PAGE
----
More construction growth forecast

15 April 2008

Strong growth in the civil engineering sector is expected to offset weakening residential construction to give further increases in construction output in Europe over the next three years. Gains in civil engineering are expected to help take to average construction output growth in the 19 Euroconstruct* countries to around +1,7% per year until at least 2009, despite the slow down expected in the housing market.

According to Euroconstruct, construction output in Europe grew +3,2% in 2006 to reach € 1349 billion – the 13th year of uninterrupted growth. The growth recorded in 2006, which was announced at Euroconstruct's 30 November conference in Munich, Germany is 0,8 points higher than the +2,6% predicted at the group's June 2006 conference.

Nonetheless, Euroconstruct believes that growth in 2006 marks the peak in the current growth cycle. While further growth is expected, it will be at a slightly slower rate. Construction output is expected to rise +2,2% in 2007 to € 1378 billion. But gains in 2008 and 2009 are expected to slow to +1,5% and +1,4%, respectively, to give the sector a value of € 1418 billion by 2009.

Sector Variations

In recent years solid growth in the residential construction sector has continually outperformed the average rate of construction growth in the Euroconstruct area. However, the latest report from the group suggests that growth in the sector will be at a lower rate of +1,5% – below the average rate of growth – between 2006 and 2009.

Euroconstruct expects the residential sector to remain steady in 2007. The drop off felt more from 2008 onwards when countries which have been longstanding drivers of growth, such as Spain, Ireland and France, are forecast to show declining demand for housing.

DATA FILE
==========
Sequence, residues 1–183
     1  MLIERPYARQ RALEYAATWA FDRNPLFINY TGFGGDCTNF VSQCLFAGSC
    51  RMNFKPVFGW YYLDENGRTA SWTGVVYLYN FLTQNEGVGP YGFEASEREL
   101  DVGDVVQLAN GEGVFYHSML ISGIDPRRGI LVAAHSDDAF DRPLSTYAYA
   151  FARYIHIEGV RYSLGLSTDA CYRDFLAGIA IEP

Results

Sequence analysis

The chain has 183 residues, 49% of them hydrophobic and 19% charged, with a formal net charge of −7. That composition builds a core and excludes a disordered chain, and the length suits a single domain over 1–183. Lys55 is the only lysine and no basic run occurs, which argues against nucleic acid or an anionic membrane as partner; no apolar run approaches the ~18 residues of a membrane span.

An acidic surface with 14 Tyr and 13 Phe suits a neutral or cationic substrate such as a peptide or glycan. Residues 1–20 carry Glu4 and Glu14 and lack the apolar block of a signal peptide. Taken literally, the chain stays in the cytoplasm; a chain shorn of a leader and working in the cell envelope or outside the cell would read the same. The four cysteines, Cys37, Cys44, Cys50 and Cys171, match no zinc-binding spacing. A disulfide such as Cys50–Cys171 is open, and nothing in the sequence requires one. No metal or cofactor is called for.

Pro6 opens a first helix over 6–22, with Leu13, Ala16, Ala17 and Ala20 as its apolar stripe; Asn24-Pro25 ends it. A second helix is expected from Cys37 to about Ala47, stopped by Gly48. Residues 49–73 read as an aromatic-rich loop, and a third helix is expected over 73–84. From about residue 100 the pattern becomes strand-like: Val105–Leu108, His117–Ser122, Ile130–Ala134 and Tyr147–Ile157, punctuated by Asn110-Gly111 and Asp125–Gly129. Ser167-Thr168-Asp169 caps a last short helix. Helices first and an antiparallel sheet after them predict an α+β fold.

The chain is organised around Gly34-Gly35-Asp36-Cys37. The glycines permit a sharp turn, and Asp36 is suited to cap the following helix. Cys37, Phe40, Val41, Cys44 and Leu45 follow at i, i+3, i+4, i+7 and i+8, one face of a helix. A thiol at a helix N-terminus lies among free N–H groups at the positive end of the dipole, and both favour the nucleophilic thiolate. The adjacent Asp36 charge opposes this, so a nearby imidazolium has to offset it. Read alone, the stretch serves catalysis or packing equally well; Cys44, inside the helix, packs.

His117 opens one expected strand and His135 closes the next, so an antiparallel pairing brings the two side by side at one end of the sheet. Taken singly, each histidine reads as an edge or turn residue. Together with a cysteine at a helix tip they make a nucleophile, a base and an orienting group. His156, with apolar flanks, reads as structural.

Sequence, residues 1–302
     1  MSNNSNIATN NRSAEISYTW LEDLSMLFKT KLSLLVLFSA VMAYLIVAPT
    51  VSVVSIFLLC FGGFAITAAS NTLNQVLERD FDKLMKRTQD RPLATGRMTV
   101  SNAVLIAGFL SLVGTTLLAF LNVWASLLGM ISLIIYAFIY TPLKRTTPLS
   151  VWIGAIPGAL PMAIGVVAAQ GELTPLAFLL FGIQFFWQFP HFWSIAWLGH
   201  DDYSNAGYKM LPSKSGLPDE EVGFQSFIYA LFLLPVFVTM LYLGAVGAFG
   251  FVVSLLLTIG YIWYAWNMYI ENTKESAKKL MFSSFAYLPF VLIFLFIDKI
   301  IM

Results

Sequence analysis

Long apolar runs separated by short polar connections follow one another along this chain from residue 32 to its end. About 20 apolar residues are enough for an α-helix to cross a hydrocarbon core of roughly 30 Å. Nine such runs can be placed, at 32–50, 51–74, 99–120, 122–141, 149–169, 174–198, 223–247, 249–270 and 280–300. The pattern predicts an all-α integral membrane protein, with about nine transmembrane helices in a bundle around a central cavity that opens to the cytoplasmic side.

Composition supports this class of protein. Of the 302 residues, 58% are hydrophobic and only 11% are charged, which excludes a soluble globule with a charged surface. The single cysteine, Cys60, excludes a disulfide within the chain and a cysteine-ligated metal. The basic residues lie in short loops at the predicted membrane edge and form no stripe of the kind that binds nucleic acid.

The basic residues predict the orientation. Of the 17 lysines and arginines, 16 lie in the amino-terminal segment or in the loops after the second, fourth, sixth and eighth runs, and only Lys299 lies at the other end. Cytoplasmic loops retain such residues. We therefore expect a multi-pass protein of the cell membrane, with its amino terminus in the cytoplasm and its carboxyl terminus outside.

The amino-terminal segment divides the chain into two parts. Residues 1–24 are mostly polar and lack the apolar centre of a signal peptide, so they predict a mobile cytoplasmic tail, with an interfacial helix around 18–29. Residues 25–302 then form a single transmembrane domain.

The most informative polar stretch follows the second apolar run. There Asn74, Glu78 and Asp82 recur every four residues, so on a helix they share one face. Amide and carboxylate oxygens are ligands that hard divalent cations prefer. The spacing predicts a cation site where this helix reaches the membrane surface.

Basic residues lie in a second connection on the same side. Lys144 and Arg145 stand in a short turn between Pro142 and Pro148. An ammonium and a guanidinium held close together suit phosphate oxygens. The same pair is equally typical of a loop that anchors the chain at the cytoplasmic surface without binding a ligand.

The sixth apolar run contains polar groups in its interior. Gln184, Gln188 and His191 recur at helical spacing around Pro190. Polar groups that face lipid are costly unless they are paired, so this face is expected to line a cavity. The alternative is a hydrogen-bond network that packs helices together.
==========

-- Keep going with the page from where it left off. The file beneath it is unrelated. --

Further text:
Prospects for the civil engineering sector are better with an average growth rate of +3,0% predicted for 2006 to 2009. Euroconstruct has said that this growth is being led by activity in Eastern Europe, Ireland and Spain.

Investment in private and commercial buildings in the Europe between 2006 and 2009 is expected to generate an average growth rate of +2,0% in the non-residential construction sector.

Big 5

The five largest construction markets in Europe – France, Germany, Italy, Spain and the UK – represented 73% of the construction market in the Euroconstruct area in 2006. In 2006, Spain and France were the strongest performers, with growth rates of +5,8% and +4,5%, respectively, but in 2007 the rate of gain in Spain is expected to slow to +4,1% and in France drop to +1,7%.

Germany recorded its first rise (+1,6%) in construction last year after more than a decade of decline and the growth is forecast to continue in 2007 at around +1,2%. The UK construction sector is expected to improve on last year's +0,6% gain with an increase of +2,6%. Italy's construction sector is expected to remain static in 2007 and after gains of just +0,2% last year.

Best Of The Rest

Strongest growth in 2006 was recorded in Slovakia (+10,8%), Poland (+9,9%), Ireland (+7,9%), Belgium (+7,0%) and Sweden (+6,9%). Gains in 2007 are not forecast to be as high but Euroconstruct expects the biggest gains to be in Poland (+8,5%) and Sweden (+5,5%).

The only country which recorded a decline in construction in 2006 was Portugal with a drop of -5,7%. Further losses are expected in 2007 at around -3,9% but Euroconstruct believes the country's construction sector will return to growth in 2008 with +0,8% growth, followed by gains of +1,5% in 2009.

From 2008 Euroconstruct believes that construction recessions will become more common with losses predicted for Ireland (-2,6%), Finland (-1,4%) and Italy (-1,0%) in 2008.

&#bull; Euroconstruct is a group of economic forecasting companies based around Europe. The 19 countries surveyed by the network are: Austria, Belgium, the Czech Republic, Denmark, Finland, France, Germany, Hungary, Ireland, Italy, the Netherlands, Norway, Poland, Portugal, the Slovak Republic, Spain, Switzerland and the UK. For more information, visit www.euroconstruct.org

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